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Nearly Fifty Years Later and Still Learning - Hasi Majumdar Venkatachalam, MD, MPH ’68
The odds were stacked against her. Although she graduated from medical school in India in a class of about 40 percent women, women made up only 4 percent of medical students in the U.S. when Hasi Majumdar Venkatachalam, MD, MPH ’68, came here for her internal medicine residency in 1965. Nevertheless, Hasi (prounounced “ha-she”) was accepted into two of the best public health schools in the nation: Johns Hopkins, which offered her a full scholarship, and Harvard School of Public Health, which she felt presented a more global perspective. She chose the global perspective and subsequently received a generous scholarship from Harvard.
She never looked back. Hasi’s experience at what is now the Harvard T.H. Chan School of Public Health was full of the excitement of meeting and working with people from all over the world, becoming a class officer, living in the International House on Park Drive, studying with great discipline and dedication. She’ll never forget what Harvard President Nathan Pusey told her when they met one evening at the International House. As students lined up to shake hands with him, Pusey asked Hasi where she was from. “Calcutta,” she replied. “Oh,” Pusey said, “Bobby Kennedy or somebody like him said, ‘What Calcutta thinks today, Harvard thinks tomorrow.’” Hasi was struck by such a welcoming statement.
Now retired, she considers herself a clinician-educator, having practiced internal medicine and also having taught medicine as a faculty member at The University of Texas Health Science Center at San Antonio. “I’m still learning,” she says joyfully. “Teaching medical students and patients how to incorporate public health and prevention principles helps them preempt the need for curative medicine –by averting the contexts that foster disease.”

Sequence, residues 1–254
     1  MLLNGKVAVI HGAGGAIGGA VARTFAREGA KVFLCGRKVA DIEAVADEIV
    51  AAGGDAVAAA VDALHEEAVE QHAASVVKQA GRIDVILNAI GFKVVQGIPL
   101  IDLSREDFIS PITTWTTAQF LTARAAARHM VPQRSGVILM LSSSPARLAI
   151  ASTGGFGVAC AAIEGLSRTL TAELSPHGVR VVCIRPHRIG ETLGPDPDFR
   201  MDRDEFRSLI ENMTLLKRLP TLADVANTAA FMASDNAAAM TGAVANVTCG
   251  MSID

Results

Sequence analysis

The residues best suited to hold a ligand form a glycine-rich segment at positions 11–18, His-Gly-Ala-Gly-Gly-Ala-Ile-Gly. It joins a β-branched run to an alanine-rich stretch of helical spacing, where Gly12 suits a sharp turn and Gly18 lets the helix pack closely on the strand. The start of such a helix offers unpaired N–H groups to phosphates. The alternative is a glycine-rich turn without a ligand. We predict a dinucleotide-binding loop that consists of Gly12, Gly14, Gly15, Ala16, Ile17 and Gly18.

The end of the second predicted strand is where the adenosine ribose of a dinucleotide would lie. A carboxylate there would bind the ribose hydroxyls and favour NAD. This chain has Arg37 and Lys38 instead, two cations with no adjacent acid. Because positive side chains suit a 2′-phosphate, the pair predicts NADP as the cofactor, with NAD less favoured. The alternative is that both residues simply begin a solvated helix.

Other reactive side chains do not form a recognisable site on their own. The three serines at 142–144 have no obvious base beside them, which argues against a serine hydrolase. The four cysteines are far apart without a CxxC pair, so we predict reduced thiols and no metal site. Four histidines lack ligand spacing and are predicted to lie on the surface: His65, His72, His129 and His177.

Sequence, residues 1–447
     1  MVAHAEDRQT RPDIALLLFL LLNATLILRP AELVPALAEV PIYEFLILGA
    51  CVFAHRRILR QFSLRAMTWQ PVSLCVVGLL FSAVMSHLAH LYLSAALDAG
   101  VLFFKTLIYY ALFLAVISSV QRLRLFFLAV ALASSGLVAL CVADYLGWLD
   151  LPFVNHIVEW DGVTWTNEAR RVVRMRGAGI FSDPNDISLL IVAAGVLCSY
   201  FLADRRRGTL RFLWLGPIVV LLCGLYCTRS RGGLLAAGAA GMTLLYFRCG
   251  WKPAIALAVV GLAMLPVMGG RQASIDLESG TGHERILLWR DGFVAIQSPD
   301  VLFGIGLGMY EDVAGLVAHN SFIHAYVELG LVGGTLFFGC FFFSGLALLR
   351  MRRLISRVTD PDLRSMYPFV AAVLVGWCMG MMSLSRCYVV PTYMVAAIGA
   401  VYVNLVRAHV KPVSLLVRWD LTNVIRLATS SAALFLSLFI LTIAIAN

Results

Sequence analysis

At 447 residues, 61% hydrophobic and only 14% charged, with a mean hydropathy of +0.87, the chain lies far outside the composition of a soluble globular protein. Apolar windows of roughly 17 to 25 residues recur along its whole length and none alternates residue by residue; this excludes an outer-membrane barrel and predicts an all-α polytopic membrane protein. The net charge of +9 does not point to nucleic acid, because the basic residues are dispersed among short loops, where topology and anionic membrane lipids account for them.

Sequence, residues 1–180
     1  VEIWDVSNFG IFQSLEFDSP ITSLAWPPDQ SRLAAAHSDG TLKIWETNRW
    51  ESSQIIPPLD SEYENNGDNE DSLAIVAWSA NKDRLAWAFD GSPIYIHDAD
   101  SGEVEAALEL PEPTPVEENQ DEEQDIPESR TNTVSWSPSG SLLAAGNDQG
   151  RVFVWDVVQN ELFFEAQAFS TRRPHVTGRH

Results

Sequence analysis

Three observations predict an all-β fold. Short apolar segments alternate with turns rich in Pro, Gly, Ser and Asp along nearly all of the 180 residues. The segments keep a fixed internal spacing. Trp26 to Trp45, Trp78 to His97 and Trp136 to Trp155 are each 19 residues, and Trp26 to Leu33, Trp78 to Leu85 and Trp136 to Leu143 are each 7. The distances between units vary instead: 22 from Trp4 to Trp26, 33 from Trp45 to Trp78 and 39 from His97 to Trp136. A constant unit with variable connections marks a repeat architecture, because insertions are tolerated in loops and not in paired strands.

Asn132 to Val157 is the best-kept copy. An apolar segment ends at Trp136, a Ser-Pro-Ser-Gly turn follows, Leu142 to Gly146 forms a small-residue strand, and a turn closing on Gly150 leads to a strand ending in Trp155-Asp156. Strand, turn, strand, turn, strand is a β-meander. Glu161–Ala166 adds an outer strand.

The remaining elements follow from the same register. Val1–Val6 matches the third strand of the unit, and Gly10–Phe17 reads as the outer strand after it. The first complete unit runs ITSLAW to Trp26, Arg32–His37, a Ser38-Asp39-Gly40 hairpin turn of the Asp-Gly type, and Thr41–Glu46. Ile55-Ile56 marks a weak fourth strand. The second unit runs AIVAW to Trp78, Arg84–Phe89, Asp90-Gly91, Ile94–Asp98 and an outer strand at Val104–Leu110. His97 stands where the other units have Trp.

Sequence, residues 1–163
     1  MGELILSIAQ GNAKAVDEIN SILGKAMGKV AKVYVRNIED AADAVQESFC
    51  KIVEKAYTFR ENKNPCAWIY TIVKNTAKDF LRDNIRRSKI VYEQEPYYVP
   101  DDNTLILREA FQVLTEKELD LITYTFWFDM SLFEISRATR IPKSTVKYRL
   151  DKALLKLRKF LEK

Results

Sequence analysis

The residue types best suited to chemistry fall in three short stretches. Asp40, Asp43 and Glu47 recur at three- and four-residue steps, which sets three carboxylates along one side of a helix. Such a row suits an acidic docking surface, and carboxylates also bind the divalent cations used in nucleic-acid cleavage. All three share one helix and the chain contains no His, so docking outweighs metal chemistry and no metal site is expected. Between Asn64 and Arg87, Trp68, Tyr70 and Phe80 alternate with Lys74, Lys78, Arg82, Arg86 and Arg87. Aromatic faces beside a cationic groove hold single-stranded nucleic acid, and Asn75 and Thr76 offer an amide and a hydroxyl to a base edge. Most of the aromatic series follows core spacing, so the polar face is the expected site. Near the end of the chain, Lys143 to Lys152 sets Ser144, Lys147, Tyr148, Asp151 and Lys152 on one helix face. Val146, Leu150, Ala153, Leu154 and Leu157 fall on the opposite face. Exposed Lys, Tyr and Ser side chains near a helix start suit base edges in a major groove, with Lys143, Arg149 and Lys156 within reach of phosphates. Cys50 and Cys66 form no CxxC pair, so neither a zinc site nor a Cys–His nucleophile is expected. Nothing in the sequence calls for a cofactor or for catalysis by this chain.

She calls the people she worked and studied with at the School “unforgettable, true luminaries.” They include Roger Revelle, who was linking the School of Public Health with city architecture, social science workers, physical sciences, ecology, basic biology, and population studies; Tom Weller, the Nobel laureate who discovered how to grow polio viruses in cultured cells from human tissues; Dimitri Trichopoulos, a giant in the field of epidemiology, who went on to discover that second-hand smoke can lead to cancer, among other adverse health effects; and the highly decorated Colonel Craig Llewellyn, who became the founding director of the Center for Disaster and Humanitarian Assistance Medicine.
Particularly prominent in her memory album are her interactions with Roger Revelle, including a luminous evening of conversation at her home with him, sitting on the floor with another Harvard professor, Cora DuBois, after a home-cooked Indian dinner, and meeting him again when he lectured in San Antonio.
Hasi also fondly remembers Professor Jane Worcester in biostatistics and Professor Sydney Lee, who graciously invited Hasi and her husband, Venk, to his home soon after they arrived in Boston.
Because of her wonderful, rich experience at the Harvard Chan School, and because she is deeply indebted to her mother for her encouragement and support, Hasi created the Karuna Majumdar Fellowship Fund, named in honor of her mother. The Fund is an endowed fellowship with an irrevocable bequest from an individual retirement account (IRA), with a preference for providing assistance with tuition, stipends, and fees to students from India.
When asked what her name means, Hasi smiled. “It was given to me by my uncle,” she said, “and it means ‘smile.’”